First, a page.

Legal Notices – a chink in the regional newspapers’ armour

By Jeremy Morton | 10th Oct 2017

We caught up with South Leeds Life editor, and ICNN founding member, Jeremy Morton, to discuss his recent success with legal notices. 

He writes: 

The issue of legal notices is multi-faceted. There’s the way regional papers use it to prop up a broken business model, there’s the question of whether people actually read them and whether local government could save money by publishing them on their own websites.

There is also the issue of hyperlocal print publications being excluded from the market because we are not “proper” newspapers. At South Leeds Life we’ve made a small breakthrough in this aspect of the issue.

By way of background, I should explain that South Leeds Life is a not-for-profit, volunteer-led hyperlocal covering two postcodes: LS10 and LS11 in an unfashionable corner of Leeds. We started online almost seven years ago and three years ago started producing a free monthly newspaper edition.

Having spoken to hyperlocal colleagues around the country, I understood the issues of legal notices or thought I did. In particular, a ruling (opinion) that to carry legal notices newspapers must publish at least fortnightly. I have turned away several local businesses needing to place an advert and put off by the cost of using the Yorkshire Evening Post (YEP), our local daily.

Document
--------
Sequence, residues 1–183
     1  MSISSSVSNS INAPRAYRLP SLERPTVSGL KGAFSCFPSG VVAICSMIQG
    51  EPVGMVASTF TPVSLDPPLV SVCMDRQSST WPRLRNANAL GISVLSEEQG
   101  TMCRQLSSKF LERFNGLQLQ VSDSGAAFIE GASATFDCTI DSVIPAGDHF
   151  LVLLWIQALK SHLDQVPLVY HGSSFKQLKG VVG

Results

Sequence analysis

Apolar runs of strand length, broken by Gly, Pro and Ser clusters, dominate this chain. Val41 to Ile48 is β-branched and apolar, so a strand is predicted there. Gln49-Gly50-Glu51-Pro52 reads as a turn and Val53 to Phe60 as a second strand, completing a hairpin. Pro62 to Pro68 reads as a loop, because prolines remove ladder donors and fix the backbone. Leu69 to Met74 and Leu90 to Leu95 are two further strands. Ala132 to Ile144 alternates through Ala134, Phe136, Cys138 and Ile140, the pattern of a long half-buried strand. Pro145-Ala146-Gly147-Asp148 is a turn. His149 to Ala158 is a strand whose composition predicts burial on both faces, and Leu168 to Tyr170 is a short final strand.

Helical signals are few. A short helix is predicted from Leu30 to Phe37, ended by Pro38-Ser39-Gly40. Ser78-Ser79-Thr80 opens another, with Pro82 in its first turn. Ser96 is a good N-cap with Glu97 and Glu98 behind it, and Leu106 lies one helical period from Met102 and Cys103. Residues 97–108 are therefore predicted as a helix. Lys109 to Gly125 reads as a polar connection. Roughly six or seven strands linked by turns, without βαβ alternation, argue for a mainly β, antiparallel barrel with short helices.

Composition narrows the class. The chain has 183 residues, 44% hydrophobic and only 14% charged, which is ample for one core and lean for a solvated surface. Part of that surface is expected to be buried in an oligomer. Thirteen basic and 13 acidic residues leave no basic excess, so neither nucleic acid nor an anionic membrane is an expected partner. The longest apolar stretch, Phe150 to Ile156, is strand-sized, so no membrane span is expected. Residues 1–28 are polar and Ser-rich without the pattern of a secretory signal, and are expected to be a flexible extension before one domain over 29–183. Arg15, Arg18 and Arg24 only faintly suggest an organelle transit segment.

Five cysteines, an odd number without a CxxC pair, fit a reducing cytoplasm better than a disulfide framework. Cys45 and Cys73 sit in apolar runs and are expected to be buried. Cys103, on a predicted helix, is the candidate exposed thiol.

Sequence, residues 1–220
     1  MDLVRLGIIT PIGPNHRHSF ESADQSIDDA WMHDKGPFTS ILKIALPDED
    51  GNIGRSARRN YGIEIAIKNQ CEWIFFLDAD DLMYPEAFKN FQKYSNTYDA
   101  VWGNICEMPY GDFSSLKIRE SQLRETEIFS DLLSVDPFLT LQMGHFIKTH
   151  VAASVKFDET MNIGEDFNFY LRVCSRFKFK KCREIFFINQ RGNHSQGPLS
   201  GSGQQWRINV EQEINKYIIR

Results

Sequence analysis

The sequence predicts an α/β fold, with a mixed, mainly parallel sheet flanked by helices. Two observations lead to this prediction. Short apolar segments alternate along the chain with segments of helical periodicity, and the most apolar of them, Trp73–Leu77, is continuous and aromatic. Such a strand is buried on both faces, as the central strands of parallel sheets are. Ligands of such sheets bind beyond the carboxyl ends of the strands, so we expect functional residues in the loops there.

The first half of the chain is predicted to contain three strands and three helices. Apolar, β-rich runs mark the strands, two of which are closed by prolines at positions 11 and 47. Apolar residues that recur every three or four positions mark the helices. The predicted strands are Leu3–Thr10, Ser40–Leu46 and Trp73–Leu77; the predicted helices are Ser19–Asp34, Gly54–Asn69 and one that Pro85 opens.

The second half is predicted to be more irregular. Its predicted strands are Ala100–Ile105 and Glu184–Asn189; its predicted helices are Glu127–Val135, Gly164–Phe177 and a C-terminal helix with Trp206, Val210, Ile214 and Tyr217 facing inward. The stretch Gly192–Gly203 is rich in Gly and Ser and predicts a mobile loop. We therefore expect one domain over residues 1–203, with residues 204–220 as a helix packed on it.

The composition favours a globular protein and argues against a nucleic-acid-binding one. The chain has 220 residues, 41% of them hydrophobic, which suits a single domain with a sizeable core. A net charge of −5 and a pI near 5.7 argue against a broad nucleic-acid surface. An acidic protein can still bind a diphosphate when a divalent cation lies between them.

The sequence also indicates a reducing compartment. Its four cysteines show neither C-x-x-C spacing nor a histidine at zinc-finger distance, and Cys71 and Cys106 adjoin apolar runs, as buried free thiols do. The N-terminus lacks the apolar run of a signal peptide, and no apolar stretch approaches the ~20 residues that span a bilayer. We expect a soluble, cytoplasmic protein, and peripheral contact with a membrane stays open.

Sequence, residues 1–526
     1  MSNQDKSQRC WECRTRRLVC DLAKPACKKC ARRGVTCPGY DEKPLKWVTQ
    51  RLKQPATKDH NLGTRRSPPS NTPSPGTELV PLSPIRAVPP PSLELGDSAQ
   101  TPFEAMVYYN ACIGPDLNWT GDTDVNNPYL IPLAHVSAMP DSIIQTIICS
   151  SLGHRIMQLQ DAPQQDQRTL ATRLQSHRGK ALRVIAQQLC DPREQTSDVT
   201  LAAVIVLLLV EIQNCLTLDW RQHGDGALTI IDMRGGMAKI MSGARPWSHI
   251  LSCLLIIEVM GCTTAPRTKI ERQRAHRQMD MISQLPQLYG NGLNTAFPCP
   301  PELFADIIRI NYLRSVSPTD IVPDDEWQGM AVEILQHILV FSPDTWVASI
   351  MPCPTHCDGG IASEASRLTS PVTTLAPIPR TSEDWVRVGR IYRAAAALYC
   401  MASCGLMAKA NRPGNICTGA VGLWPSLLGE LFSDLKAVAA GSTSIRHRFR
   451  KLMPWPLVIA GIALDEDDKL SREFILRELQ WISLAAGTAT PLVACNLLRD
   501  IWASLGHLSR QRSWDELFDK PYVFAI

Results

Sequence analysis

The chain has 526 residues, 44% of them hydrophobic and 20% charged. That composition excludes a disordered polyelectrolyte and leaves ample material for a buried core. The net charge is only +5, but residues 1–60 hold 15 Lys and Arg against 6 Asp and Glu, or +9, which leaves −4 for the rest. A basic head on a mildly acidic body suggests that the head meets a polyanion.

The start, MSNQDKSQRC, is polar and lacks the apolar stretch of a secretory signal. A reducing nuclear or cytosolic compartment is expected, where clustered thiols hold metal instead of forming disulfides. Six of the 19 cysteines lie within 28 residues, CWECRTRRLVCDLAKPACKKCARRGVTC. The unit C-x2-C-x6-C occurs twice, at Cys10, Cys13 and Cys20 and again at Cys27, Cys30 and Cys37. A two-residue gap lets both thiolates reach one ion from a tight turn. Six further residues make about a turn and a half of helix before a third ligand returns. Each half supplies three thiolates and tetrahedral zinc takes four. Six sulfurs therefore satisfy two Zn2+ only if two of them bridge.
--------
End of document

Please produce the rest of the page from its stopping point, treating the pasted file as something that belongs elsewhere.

But this month we published our first legal notice, for a small shop applying to sell alcohol.

I’m indebted to the shopkeeper who didn’t take my advice without question. After a long telephone conversation, I called into his shop to try and sell him some regular advertising. We rehearsed the issue again and he explained that was probably going to go with The Times (£800) because the YEP was quoting £1,600.

Whilst I was in the shop he rang Leeds City Council’s licensing department one last time. They threw the onus back on him saying if he was satisfied that the paper was widely read by all sections of the local population, then he was free to place the notice where he liked. The only constraint was that the notice must appear within ten days of his licence application being lodged with the council.

So to his and my delight, we went ahead and published the legal notice. This isn’t going to change our business model. I don’t think it is reasonable to charge extra just because someone has a legal obligation to advertise. We charge based on size and I applied our usual rate.

I’ve been braced for a backlash since publishing. None has come yet, but I am very happy to argue our corner if it does.

The issue is that people local to the shop, and therefore potentially affected by the granting of the licence, see the notice. South Leeds Life’s circulation is 5,500. The YEP’s circulation is down to 15,192 according to the Audit Bureau of Circulation. The YEP circulate across the whole city and beyond, our circulation is concentrated almost exclusively in two postcodes.

I hate to think how small The Times’ circulation is locally, but of course, it would have been perfectly acceptable to publish the notice there. In fact, the rep at The Times commented that they had been getting a lot of enquires from Leeds recently. Perhaps the YEP has pushed their monopoly price too far?

I must admit I’m not clear on what the law actually says about placing notices, but I’m very happy to go with Leeds City Council’s interpretation. Feel free to use our experience as a precedent in discussions with your local authority.

Jeremy Morton, Editor, South Leeds Life

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